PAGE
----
As with most of Jean-Louis’s other dishes, this also came with a small side salad.

Dessert

We both had French cheese assortments, which were excellent.

Wine

We enjoyed two bottles of Bandol: La Bastide Blanche 2015.

Hospitality

Jean-Louis and his putative ‘successor’ once again made us feel very welcome.

Both asked during and after each course whether we enjoyed what we had. Yes, we most certainly did enjoy all of the courses! We were members of the Clean Plate Club!

Jean-Louis attention to his customers is top-notch. His assistant, the successor, is also attentive to customers’ needs.

After we finished our second bottle of Bandol and had a bit of a pause, Jean-Louis came up to us and asked in the most congenial way, ‘And what can I get you to drink?’ I had Sambuca. FBH had brandy.

We thoroughly enjoyed ourselves and look forward to going back, if all goes well for us and them, in 2021.

Additional notes

Judging from the photos on Le Hit’s Facebook page, we are far from being the only customers to have had a delightful time there.

A couple from nearby Mougins who commented on TripAdvisor in April 2019 were as enthralled with Le Hit as we were. An excerpt follows (translation in the original):

In short that happiness, a warm welcome, an irreproachable service by the Head waiter for a real meal composed of fresh ingredients, and simmered as at home.

The best part of all this is that you do not pay more than some crowded restaurants that have succumbed to sirens vacuum industrial products and reheated by a microwave attendant.

So my wife and I thought we were going to repeat the experience, to see if it was a stroke of luck, and we went back several times.

Well in the end, we are very satisfied, we can assure you that the quality is constant which is rare, not to say exceptional.

An authentic restaurant as we like, that does not cheat with its customers no false pretense, nor darling and even less junk food.

It has happened to us to exchange with other guests who share the taste for the true traditional and tasty food … but also that of the conviviality and the authenticity, in short all the opposite of the shameless and the eternal dissatisfied …

You can go there with our eyes closed, we, since this discovery, we return regularly !

Enjoy your meal in the Hit !

Betty & Hubert

https://www.tripadvisor.fr/ShowUserReviews-g187221-d2692906-r666949554-Le_Hit-Cannes_French_Riviera_Cote_d_Azur_Provence_Alpes_Cote_d_Azur.html#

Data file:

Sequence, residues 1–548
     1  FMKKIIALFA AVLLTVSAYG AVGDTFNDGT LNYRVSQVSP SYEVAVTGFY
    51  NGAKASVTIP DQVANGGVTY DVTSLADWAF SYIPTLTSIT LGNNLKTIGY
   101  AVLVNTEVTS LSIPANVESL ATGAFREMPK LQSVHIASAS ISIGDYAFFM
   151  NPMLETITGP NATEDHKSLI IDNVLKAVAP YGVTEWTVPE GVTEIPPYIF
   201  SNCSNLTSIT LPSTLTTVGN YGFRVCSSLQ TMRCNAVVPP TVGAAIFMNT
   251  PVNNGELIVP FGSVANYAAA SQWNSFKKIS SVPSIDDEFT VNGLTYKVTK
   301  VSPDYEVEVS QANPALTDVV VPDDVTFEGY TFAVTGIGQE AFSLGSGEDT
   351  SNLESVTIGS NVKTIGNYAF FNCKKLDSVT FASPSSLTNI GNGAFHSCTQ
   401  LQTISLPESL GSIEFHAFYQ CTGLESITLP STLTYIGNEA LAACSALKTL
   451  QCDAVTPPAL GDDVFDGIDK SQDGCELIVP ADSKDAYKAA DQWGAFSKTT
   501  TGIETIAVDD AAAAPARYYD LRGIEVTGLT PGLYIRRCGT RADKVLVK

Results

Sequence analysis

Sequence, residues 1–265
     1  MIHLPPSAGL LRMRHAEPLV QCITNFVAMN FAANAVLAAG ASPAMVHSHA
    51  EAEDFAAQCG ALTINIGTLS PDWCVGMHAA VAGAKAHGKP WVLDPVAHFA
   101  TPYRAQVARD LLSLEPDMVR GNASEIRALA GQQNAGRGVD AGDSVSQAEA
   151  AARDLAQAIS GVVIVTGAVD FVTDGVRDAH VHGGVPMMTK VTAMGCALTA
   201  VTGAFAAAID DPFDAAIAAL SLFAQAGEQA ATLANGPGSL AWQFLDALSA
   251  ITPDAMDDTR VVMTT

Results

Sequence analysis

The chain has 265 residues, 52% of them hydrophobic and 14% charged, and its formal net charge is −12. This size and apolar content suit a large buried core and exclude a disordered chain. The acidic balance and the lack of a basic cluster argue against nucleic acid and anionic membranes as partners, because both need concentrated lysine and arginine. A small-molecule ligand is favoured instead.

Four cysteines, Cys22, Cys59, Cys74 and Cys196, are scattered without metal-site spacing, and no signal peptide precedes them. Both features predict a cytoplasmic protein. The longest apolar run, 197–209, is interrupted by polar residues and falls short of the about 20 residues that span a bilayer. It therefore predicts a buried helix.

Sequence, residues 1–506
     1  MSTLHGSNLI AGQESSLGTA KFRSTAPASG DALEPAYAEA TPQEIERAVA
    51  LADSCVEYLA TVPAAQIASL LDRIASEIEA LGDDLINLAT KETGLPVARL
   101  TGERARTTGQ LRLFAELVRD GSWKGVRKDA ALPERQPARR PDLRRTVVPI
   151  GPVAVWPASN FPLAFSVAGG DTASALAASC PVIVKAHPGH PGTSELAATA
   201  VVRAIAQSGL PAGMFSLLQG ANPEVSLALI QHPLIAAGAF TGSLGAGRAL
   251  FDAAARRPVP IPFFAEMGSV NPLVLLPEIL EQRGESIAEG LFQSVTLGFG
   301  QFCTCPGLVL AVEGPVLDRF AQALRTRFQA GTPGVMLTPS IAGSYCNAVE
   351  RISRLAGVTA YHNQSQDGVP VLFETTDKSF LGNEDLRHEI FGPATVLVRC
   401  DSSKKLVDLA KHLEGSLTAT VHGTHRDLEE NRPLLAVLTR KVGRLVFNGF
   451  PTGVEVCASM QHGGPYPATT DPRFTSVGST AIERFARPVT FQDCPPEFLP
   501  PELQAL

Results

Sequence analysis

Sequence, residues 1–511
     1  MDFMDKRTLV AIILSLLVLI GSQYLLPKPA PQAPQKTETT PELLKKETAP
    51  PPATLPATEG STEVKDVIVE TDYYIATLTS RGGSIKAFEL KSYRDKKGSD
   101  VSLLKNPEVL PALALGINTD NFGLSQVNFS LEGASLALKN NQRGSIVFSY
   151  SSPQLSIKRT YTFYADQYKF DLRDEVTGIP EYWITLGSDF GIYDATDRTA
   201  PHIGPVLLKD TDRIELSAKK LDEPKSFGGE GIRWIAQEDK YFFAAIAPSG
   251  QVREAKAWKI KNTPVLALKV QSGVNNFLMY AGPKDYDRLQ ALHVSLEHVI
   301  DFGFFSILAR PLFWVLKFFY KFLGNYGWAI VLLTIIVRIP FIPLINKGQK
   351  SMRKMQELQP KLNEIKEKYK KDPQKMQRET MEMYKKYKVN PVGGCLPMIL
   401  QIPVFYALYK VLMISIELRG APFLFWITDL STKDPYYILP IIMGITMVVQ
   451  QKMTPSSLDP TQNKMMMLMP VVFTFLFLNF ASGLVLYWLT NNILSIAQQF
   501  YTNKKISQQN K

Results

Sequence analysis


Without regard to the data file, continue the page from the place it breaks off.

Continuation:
You can get a better view of the interior courtesy of La Fourchette and can see autographs from the jazz musicians who play there on Friday — perhaps also Saturday — nights.

The unisex restroom is immaculate. It has three different notices asking customers to please leave it as clean as they found it.

Conclusion

Now you know why Le Hit is my favourite restaurant in Cannes.

Next week, we’ll look at FBH’s faves.

One of President Donald Trump’s favourite meals is meat loaf, which is on the menu at Mar-a-Lago in Palm Beach.

According to Nancy Ellison at One for the Table, Trump has long been offering his club members and their guests suggestions on what to order. I have read that he often recommends the meat loaf, but Ms Ellison has more (emphases mine):

His real joy in life is acting the Host. “Try the chopped steak. It’s the best! …You know what’s great – the pretzel bread… This individually wrapped butter is so good. I don’t like those little flower butters. There is always a finger print on them!” The real secret is that Donald Trump wants his guests to feel good, important and to be happy … as happy as he felt when his mother, Scottish born Mary MacLeod Trump fixed Meat Loaf for him as a child. “I loved my mother and I loved her cooking … and, she was a real beauty!”

On the menu – along with the Raw Oysters, Champagne and Caviar – at Trump’s exclusive Mar–a-Lago Club, Mary MacLeod Trump’s Meat Loaf rules, and it is truly a man’s meal; it has all the warmth of a cozy aromatic kitchen and the familiar comfortable masculinity of a favorite armchair – but tastier. And, it makes Donald Trump smile!

I have always wondered whether Mary MacLeod Trump’s meat loaf recipe would be revealed. Thankfully, Nancy Ellison provides it for us.

The readers’ comments specify that the breadcrumbs should be dried, not fresh.

I am always suspect of a meat loaf recipe that calls for beef only. My late maternal grandmother always used an equal mix of beef, pork and veal mince, having been taught that way in domestic science class in high school during the First World War, when it was no doubt a luxury, given that even the United States had rationing.

I thought my late grandmother’s was the best.

But, we shall see about a 100% beef meat loaf.

Having read so much about it, I plan to try it soon!